4. Leora, we have someone like that on our list, but his help verges on irritating, because he relentlessly plugs his store with every “answer” to the list.
    I like your idea, just when the business owner doesn’t take it too far and when the owner can help in other ways aside from plugging his/her own business.
    I’ve found the community lists invaluable, especially here in Israel where finding trustworthy service providers can be challenging (to put it delicately).

  5. Shiloh has a bilingual yahoo list. Most of the correspondance is in Hebrew with a smattering of English and people like me who make a point of writing in both languages.
    Nobody does any moderating, different culture. The moderators just handle “emergencies.”
    I used to co-moderate the Israeli flylady list.

  6. Our Modiin list has been extremely useful to me. I actually met a woman who has become my best friend here in Modiin when we both were on the list as we were planning our Aliyah. The list has also helped me find doctors, electricians, gardners etc. And my daughters use it to publicize their babysitting talents.
    As far as the potential oleh, I don’t really understand what he meant. It’s late, maybe that’s why.

  7. mother in israel says:

    Baila, it wasn’t completely clear, but he didn’t think the bureaucrats were as friendly as he would have liked.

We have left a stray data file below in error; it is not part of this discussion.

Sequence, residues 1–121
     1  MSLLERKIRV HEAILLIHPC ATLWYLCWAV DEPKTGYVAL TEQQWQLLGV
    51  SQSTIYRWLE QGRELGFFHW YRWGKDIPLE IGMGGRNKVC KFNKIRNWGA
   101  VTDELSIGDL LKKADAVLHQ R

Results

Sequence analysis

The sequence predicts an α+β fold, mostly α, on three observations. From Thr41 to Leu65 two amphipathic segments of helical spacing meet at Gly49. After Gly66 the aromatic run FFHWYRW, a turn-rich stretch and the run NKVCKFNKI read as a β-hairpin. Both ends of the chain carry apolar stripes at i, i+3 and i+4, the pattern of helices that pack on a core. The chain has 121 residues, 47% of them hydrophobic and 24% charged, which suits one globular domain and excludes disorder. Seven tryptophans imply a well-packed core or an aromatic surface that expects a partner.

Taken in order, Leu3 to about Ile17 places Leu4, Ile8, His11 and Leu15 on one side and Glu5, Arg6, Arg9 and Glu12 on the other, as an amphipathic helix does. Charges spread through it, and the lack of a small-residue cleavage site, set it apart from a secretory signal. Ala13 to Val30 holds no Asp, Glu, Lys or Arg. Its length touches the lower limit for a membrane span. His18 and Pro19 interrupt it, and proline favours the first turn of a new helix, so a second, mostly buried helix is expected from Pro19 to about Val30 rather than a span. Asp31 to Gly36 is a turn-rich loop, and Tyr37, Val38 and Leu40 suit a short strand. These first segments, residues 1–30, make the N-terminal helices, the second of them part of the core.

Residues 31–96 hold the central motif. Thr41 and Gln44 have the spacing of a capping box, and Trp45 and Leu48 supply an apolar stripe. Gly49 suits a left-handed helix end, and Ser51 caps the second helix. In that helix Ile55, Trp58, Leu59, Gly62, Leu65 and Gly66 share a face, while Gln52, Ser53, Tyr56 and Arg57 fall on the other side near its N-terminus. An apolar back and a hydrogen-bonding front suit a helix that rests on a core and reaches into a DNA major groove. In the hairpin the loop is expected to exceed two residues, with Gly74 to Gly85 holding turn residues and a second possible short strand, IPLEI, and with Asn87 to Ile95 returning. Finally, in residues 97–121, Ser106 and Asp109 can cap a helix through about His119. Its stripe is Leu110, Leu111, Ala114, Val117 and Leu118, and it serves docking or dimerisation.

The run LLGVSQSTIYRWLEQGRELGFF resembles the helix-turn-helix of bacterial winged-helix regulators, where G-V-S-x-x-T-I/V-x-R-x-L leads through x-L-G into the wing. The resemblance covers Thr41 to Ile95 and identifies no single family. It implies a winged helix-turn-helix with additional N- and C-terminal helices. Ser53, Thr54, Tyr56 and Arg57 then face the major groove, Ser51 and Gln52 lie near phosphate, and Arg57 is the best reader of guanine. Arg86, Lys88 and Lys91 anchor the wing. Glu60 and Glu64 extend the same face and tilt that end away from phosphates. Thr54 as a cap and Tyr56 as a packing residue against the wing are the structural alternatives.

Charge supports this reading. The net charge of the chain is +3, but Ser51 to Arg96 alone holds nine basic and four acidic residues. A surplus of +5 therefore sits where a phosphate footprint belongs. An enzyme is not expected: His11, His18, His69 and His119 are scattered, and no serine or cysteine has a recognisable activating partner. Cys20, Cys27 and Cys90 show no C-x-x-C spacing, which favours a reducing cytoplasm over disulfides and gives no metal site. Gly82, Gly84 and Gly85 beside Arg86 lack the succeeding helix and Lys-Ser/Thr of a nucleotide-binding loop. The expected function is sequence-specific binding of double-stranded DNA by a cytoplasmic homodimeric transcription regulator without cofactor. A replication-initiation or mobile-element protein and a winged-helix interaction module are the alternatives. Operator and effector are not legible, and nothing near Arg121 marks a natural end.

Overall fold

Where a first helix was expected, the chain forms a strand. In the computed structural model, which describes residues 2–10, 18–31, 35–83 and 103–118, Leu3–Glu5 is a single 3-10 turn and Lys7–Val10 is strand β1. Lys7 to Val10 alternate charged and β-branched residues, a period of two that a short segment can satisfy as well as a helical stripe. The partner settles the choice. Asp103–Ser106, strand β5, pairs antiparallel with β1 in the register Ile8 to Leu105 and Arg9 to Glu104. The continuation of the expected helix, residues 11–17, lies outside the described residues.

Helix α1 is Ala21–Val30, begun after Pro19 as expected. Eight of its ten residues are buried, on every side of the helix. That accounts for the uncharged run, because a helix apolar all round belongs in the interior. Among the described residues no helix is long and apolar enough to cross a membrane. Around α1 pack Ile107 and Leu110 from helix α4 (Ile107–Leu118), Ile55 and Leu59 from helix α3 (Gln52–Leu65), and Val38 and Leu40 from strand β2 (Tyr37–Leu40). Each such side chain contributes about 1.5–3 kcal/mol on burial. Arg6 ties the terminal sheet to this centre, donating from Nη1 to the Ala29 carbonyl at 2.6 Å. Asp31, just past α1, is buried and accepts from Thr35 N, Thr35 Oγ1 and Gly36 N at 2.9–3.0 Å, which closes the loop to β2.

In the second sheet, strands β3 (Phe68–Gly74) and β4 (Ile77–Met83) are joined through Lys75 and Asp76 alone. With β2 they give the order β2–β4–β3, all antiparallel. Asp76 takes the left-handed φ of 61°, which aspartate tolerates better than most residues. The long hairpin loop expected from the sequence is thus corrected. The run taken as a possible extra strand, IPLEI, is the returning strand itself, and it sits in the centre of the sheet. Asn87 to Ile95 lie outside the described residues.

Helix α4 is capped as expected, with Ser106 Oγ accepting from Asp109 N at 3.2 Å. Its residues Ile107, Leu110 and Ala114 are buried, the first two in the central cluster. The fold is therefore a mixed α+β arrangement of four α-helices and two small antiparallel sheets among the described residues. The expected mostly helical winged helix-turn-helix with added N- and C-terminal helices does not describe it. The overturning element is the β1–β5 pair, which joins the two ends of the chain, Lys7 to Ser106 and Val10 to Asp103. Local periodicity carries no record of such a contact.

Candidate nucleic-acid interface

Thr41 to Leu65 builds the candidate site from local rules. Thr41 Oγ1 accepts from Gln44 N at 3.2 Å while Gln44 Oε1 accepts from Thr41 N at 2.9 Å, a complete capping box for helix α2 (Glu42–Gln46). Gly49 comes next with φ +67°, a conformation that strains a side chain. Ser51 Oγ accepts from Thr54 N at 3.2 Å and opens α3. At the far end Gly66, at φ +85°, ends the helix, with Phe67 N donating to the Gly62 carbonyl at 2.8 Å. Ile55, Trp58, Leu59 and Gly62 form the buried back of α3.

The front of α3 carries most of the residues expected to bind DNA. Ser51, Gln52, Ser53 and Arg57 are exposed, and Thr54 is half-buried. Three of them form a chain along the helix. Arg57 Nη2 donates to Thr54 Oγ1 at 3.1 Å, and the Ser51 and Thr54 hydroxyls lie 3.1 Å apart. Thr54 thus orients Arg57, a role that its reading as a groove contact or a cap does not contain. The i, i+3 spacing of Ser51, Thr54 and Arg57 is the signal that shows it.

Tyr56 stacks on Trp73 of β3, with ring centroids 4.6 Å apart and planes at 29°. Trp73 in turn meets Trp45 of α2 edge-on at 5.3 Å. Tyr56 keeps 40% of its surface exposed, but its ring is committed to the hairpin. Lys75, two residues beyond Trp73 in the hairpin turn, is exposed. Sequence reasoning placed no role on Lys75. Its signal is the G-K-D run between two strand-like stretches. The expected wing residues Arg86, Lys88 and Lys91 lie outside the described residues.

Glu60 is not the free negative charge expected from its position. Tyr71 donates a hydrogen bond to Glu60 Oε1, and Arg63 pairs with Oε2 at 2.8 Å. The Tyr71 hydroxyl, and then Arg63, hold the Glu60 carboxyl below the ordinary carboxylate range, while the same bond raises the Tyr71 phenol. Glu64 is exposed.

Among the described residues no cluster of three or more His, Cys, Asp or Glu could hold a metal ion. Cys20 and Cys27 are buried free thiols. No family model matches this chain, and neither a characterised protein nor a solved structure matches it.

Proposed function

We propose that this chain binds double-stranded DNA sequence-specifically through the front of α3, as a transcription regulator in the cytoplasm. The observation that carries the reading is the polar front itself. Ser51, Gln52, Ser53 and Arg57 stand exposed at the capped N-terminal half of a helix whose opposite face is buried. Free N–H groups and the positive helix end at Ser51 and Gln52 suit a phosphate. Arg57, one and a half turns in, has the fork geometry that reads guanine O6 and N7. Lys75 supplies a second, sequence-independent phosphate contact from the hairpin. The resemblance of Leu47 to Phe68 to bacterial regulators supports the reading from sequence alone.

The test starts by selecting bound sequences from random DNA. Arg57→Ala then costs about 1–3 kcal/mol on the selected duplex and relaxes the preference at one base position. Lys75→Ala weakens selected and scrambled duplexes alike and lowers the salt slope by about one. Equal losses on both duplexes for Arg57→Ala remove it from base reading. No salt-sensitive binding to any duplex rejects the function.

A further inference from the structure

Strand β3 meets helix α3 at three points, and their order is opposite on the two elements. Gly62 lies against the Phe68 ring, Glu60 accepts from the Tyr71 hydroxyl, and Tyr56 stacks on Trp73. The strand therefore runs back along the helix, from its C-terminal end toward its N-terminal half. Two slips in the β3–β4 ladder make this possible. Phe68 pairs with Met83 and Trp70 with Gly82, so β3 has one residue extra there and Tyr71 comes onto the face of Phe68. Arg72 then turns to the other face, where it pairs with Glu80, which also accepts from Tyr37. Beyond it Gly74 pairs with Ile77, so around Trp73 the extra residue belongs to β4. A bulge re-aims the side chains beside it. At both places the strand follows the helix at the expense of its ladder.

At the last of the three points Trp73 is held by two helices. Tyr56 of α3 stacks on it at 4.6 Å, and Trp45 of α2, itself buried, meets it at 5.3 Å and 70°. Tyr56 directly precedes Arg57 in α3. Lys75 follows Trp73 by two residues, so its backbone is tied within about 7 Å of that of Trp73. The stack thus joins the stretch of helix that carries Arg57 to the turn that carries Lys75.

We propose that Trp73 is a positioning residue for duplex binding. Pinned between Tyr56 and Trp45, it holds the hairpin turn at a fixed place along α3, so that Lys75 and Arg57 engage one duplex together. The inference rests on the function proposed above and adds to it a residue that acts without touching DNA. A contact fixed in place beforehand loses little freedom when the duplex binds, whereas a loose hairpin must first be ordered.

8. Lion of Zion says:

    MRS. S:
    “Unfortunately, I have to agree with you. IMHO, if someone doesn’t love Israel . . . their aliyah just won’t work.”
    this is why i think it is ridiculous when people propose the aliyah panacea as a tuition sanctuary
    “and by that I mean the “real Israel” – not some vague, theoretical Never-Never-Land that doesn’t exist”
    well it does exist, at least as experienced by many stary-eyed american yeshiva/seminary students.

  9. Friendly bureaucrats? Wouldn’t that be an oxymoron? 🙂
    Great post!

  10. You seem to be doing a great job here.

  11. It’s amazing how talented you are in zeroing in on issues that touch me!
    On the issue of advertising, I made a tough decision with that one on my list. I also felt it was too much in your face, so decided I wouldn’t post the ads on the discussion area, but put them in the files area. I was tested – they weren’t happy with my decision. So they left my site and created their own to advertise as much as they wished. It was a lose-lose propositioin in the end, but I felt strongly about it.
    On the issue of people on lists complaining of this or that, always is – I often wonder why people run for office, always someone unhappy.
    And lastly on aliya, who of us have been thrilled with bureaucracy? We all have our stories and hopefully get past them. It’s not being in love with Israel as it is, it is being in love with what could be here, and hopefully we can help make it happen – got to be an idealist to be here. Not that everyone must be active, it’s enough just to survive sometimes. But being here is a message that we accept life isn’t perfect, but G-d told us this is our country. What I find perplexing is those who accept the trials and tribulations without accepting that it all came from Torah.

  12. Shemesh List says:

    How does one join the moderators list?